The Joplin Globe, Joplin, MO

April 3, 2013

Tied council race could lead to special vote in Duquesne

By Ryan Richardson

DUQUESNE, Mo. — A special election could be in the future for Duquesne residents to resolve a 1st Ward tie in Tuesday’s election between incumbent Councilman Frank Herron and challenger Barbara Welch.

Herron and Welch each received 54 votes.

Under state law, both candidates have the options of seeking a special election or breaking the tie by lot, or chance.

A decision in the matter is not an easy one. Both candidates said they were not expecting the outcome and that they need more information before deciding what to do.

“I never thought that the race would end up like this,” Herron said Wednesday. “I’m not sure where we go from here, but I know I want it to be fair for everyone involved.”

Welch, too, was mulling the issue Wednesday. “It is something that you need to think about,” she said. “I don’t want to trivialize the votes of the 54 people who voted for me with a flip of a coin.”

She suggested that she also would not want to force the expense of a special election without giving the question full thought. “There are some important issues that the city is facing, and I think I could help resolve them,” she said.

Jasper County Clerk Bonnie Earl said Wednesday that if the candidates cannot agree on deciding the election by chance, the city will have to pay to hold a special election in the next 30 days.

“The county will pay for nothing, but we will run the election,” Earl said. “The city would pay for new ballots for that ward and the cost of the election workers, but the county will provide what they need to run the election.”

Herron said he was unsure of the specifics of the law in the event of a tie. “I have to look at my options past this and know what questions to ask of the county,” he said.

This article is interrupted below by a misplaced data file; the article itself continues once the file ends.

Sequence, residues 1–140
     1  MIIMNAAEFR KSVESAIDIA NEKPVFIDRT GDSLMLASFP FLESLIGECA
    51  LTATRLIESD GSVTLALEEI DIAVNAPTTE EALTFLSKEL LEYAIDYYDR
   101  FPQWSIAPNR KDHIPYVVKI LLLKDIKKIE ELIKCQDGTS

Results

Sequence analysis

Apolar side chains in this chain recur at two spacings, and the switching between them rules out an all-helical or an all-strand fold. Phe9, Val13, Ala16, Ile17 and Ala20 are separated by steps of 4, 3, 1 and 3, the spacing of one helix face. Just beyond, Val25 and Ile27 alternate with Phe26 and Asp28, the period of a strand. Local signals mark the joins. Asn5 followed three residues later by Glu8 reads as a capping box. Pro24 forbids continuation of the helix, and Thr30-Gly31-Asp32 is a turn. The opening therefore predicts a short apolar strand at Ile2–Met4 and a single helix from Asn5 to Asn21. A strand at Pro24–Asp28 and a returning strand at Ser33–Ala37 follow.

Welch said she was awaiting more information from the city clerk, and that she would make a decision in the next day or two.

“If someone thinks their vote doesn’t count,” she said, “this is a perfect example that every vote does count.”


While it was not as close, the outcome of the race for the mayoral post between incumbent Denny White and challenger Lisa Daugherty ended only two votes apart, with White edging out Daugherty 146 to 144.

Daugherty said she will ask for a recount.

“I have inquired through the county to see what avenues I have, and I will ask for a recount,” Daugherty said. “For now, I am still on the city’s council, and I look forward to continue serving and representing them.”

White sought his fourth term in the election, but it was his first election with a challenger. He said the close results did not surprise him, but that he is confident that a recount would not change the outcome. He said a second count Tuesday night showed the same results.

“I do feel that this matter is settled and the outcome will not change,” White said. “I believe that the voters elected me as mayor again.”

Earl, the county clerk, said a recount would be conducted by machine with both parties allowed to attend the count.

Election costs

DUQUESNE CITY CLERK TERRY INGRAM said the cost of a special election could run as much as $2,000, with $1,500 needed to print ballots alone.